This site is entirely user-supported. See how you can help.
We don't have any photos of this building yet. Why don't you be the first to send us one?
Latitude: 55.9343 / 55°56'3"N
Longitude: -3.2105 / 3°12'37"W
OS Eastings: 324471
OS Northings: 671910
OS Grid: NT244719
Mapcode National: GBR 8KN.56
Mapcode Global: WH6SS.N3CJ
Entry Name: 8 Morningside Road, (Bank of Scotland) Including Boundary Wall and Gatepiers
Listing Date: 16 October 2002
Source: Historic Scotland
Source ID: 396454
Historic Scotland Designation Reference: LB48939
Building Class: Cultural
Electoral Ward: Morningside
Traditional County: Midlothian
Peddie and Kinnear, dated 1873. 2-storey, basement (to rear) and attic, symmetrical 5-bay mansard-roofed square-plan palazzo-style banking house. Tooled coursed ashlar; snecked squared and stugged rubble to rear. Base course; cill courses; hoodmould course; prominently bracketed eaves course. Long and short quoins; raised, lugged and stop-chamfered window architraves.
SE (PRINCIPAL) ELEVATION: segmental-arched windows to 3 centre bays to ground floor; timber-panelled doors with fanlights in key-blocked corniced and consoled doorways to outer bays (cash-point inserted into original door to left). 3 timber pedimented dormers to attic.
NE ELEVATION: irregularly fenestrated. Ashlar pedimented single window off centre right breaking eaves at attic floor level. 'PK' monogram below eaves course to far left.
NW (REAR) ELEVATION: modern door to left. Irregularly fenestrated.
SW ELEVATION: regularly fenestrated to ground floor; panelled aprons to windows. Square moulded date stone panel, dated '1873' above 1st floor string course.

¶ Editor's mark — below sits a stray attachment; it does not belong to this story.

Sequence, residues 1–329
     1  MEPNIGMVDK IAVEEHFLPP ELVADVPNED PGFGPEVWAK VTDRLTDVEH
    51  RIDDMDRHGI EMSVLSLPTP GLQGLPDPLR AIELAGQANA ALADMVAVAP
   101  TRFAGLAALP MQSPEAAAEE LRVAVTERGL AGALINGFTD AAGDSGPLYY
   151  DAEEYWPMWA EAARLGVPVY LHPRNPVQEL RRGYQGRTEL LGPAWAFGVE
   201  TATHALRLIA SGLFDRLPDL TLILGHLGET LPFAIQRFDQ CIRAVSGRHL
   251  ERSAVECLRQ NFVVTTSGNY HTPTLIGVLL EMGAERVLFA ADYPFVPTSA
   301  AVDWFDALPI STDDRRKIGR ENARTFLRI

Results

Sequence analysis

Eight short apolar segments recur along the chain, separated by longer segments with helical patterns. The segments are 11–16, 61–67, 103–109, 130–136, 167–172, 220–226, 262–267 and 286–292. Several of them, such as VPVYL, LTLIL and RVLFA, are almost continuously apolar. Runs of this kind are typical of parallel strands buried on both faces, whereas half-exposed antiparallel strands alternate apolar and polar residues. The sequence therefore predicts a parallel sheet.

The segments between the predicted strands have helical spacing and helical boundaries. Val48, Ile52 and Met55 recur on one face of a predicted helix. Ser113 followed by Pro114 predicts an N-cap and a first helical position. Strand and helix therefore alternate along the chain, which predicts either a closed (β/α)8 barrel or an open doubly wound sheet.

Plate glass in timber sash and case windows to principal elevation; predominantly 4-pane timber sash and case windows to sides and rear. Piended platformed roof; grey slates; coped and corniced wallhead ashlar stacks to SW and NE; coped ridge stack to rear; circular clay cans to SW and NW. Cill and hoodmould courses passing over downpipes.
INTERIOR: ground floor completely redesigned to accommodate modern banking operations; original stair to right hand entrance with original decorative pierced cast-iron balustrade and mahogany banister. Deep cornices and original chimneypieces to 1st floor drawing room and dining room (plain large Doric-pilastered chimneypiece to drawing room). Canted corner fireplaces to attic bedrooms (blocked).
BOUNDARY WALL and GATEPIERS: 2 pairs of coped and corniced ashlar square-plan gatepiers to SW and SE corners connected by curved low ashlar wall with modern cast-iron railings.
This bank was one of the earliest buildings to be erected at this prominent junction known as 'Holy Corner', preceded only by David MacGibbon's tenement at 10, 12, 14 Morningside Road (1868 - see separate listing) and MacGibbon and Ross's Morningside Baptist Church (1872-4 - see separate listing) to the SW. It has always been a branch of the Bank of Scotland and would originally have also housed the banking agent and his family. It relates to a number of palazzo style banks of the mid Victorian period, of which Peddie and Kinnear were an important exponent. Both John Dick Peddie (1824-1891) and Charles G H Kinnear (1830-1894) were connected to banking dynasties and the firm was prolific in their output for the larger Scottish banks throughout their long practice history, in particular for the Royal Bank of Scotland during the 1850s and the Bank of Scotland during the 1860s and 1870s. Notably, Peddie and Kinnear had designed or altered over 15 branch banks for the Bank of Scotland by the end of the 1870s. The bank at Morningside represents the combination of their domestic and commercial classical style that would have been appropriate for this neighbourhood setting. The excellent detailing in masonry work adds particular value to this fine Italianate building.
Other nearby listed buildings